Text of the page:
China, Greece and that first US rate hike – not like 1994…
Despite the China-inspired plunge in equities, concerns about Greece, and imminence of the US Fed’s first rate hike since June 2006, global growth should not be derailed. But, it needs China to act, says Neil Williams (pictured), chief economist at Hermes Investment Management…
China’s 3 per cent renminbi devaluation confirmed for markets that China is slowing. Based on the data we see, they should really have known this. But, two risks now are the extent to which high retail leverage behind China’s equity positions dents the economy, and the potential deflation flow (via falling commodity prices and cheaper Asian exports) back to the G7. These need monitoring.
China’s attempts to tackle the symptom failed. It now needs to address the problem...
Yet, the scale of the devaluation is puny, compared with the last, one-third yuan devaluation of January 1994. This preceded by a month the surprise start of the US Fed’s rate tightening cycle, which have together been blamed for originating 1997’s Asia crisis. Germany at that time was struggling to shake off its 1992-93 recession.
With China again devaluing, the Fed about to tighten, and the euro-zone unfixed, little wonder competing Asian currencies are weakening and equities held back. However, we doubt the extra volatility will be enough to spur the market “turmoil” akin to either 1994 or 2008 needed to push G5 central banks off course.
First, China still has a ‘dashboard of policy buttons’ to press to help achieve a soft landing. Their direct attempts to tackle the symptom (falling stocks) have so far failed. It needs now to address the problem (slowing economy).
The authorities were never going to allow the RMB to climb indefinitely (as it had been in real trade weighted terms) at a time when GDP’s slowing and China’s competitiveness is collapsing. We estimate that, after double-digit growth in 2000-11, China’s productivity froze, then fell about 7% in 2014 (see my chart, below). Worryingly, the latest up-tick (in Q4 2014) reflects job cuts more than output growth.
Therefore, big incentives remain for the PBoC to shore up the economy. Expect further policy stimulus - ranging from reserve requirement cuts, tax-breaks for SMEs, subsidies, infrastructure spending, ad hoc liquidity injections, and (with real lending rates still about 4%) further rate cuts. Added to that, the official regulator, CSFC could inject more for share support, and there’s scope for a fiscal boost. And, should local debt-strains intensify, PBoC could always run QE.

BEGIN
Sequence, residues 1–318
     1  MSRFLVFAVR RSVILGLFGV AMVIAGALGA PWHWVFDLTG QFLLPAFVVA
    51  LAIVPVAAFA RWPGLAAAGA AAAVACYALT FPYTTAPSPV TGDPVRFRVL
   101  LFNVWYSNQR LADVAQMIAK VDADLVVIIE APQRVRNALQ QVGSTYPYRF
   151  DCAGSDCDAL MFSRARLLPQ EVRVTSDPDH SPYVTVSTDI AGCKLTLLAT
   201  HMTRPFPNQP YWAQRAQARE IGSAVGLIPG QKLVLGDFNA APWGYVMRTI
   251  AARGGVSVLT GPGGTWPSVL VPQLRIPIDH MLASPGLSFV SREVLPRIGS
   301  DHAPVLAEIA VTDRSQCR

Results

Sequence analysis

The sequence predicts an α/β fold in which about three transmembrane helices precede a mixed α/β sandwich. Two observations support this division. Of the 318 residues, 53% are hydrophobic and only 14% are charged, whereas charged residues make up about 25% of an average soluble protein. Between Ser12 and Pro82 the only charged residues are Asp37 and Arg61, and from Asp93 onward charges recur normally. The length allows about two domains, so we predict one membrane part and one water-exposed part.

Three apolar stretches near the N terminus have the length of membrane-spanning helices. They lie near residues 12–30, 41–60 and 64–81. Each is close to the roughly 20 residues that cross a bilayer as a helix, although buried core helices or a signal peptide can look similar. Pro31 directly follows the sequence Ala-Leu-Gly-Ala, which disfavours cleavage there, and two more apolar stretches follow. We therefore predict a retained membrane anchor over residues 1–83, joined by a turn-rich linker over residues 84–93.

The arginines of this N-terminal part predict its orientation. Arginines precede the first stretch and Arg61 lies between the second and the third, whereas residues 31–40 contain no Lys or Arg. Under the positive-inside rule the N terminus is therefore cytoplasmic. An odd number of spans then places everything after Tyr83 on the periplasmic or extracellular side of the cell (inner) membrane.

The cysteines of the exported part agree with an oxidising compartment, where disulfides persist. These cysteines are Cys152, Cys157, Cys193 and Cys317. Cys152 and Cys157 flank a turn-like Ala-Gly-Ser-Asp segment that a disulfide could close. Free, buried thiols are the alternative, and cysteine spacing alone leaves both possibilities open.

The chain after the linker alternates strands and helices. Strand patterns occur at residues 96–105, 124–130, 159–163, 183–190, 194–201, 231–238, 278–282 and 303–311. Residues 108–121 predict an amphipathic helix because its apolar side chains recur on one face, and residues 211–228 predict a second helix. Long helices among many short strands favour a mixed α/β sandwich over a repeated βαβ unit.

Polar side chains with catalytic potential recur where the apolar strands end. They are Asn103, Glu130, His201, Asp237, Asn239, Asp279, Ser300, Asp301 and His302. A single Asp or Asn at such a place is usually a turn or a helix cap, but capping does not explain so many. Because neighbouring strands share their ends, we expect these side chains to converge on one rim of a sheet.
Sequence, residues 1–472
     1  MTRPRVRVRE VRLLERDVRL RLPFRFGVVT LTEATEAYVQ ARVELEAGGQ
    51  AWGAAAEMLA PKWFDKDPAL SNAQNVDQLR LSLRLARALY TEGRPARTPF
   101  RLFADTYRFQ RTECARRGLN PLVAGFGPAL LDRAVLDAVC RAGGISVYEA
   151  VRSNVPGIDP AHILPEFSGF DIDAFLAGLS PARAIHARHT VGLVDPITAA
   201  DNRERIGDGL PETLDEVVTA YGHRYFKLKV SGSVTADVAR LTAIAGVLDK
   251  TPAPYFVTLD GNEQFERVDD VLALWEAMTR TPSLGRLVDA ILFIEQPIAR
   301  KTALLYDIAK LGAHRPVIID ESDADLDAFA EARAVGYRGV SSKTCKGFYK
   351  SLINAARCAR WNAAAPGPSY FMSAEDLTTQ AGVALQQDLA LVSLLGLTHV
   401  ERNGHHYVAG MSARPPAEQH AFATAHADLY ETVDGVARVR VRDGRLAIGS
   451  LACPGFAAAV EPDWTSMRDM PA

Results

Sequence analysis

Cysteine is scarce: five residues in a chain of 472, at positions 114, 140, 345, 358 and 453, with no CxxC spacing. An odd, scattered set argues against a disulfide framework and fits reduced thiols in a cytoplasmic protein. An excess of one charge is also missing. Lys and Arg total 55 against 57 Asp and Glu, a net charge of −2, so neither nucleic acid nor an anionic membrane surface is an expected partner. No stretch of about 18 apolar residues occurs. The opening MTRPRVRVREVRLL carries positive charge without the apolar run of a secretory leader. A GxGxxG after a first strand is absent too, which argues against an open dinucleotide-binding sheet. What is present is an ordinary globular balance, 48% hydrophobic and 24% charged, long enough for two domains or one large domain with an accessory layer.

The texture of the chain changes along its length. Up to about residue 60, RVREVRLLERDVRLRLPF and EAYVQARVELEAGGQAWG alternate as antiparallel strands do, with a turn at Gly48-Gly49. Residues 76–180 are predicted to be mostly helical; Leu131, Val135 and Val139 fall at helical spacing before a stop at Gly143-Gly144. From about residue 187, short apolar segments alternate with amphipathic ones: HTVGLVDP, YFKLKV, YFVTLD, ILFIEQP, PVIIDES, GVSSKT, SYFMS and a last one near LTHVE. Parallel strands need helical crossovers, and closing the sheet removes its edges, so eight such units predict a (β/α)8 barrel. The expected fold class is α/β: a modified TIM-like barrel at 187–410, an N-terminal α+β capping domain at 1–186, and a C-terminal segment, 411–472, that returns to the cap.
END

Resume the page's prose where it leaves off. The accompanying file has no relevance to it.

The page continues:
Comparisons with 1994 look superficial...
Second, the G5’s growth ‘front-runners’ – the US and UK – appear to have enough growth momentum to weather the cold winds from China.
Each is six years past crisis, with their GDP running above 2 per cent yoy ‘potential’, and CPIs set to show some uplift. Given the US’s insulation (only 1 per cent of US GDP comes directly from China’s export demand), the fall of unemployment into the Fed’s 5¼-5½ per cent ‘Nairu’ range, and declining labour supply, US hikes could start in December. For the BoE, its single, CPI mandate makes a rate hike difficult before May 2016.
Third, comparisons with 1994 – when the Fed’s surprise tightening hit most financial assets - look superficial. That was a different time. China’s devaluation was huge, based more on reform than growth, but pressured Asian competitors to whittle away reserves to protect their own currency pegs. The only meaningful peg now is Hong Kong’s, which should benefit from a weaker renminbi. In 1994, the Fed was more worried about ‘overheating’ than ‘normalisation’.
Now, central banks have too much ‘skin in the game’ to want to take us off guard, with the Fed running USD3 trillion excess reserves. Unless policy shifts are clearly telegraphed, they may feel our pain.
However, relative to China, Greece’s policy position - unable to devalue externally, boost fiscally, and print money - and growth outlook look more acute. Our base case has long been Greece remains in the euro (partly because of the pitfalls of exit, and incentive of QE), but, that a debt restructuring is both inevitable and desirable.
Done well, it would allow Greece to lock into current low funding costs and reduce the floating rate element of its debt service payments. It would reduce uncertainty, and put the onus on meeting primary-surplus targets more via growth-induced tax revenue, than austerity.
However, political risk is a growing danger as we approach general elections, not just in Greece, but in Portugal, Spain, and maybe Italy. To minimise this, it probably makes sense to defer a ‘generous’ Greece restructuring to sometime in 2016.
Meantime, China is taking advantage of its greater options by slowly cutting rates and massaging down the renminbi, and by again using the guise of reform to drip-feed some relief to growth.
The challenge now is to enact an avalanche of stimulus measures sufficient to arrest the decline and avert market turmoil. If they don’t, the Fed’s tightening cycle could prove to be one of the shortest yet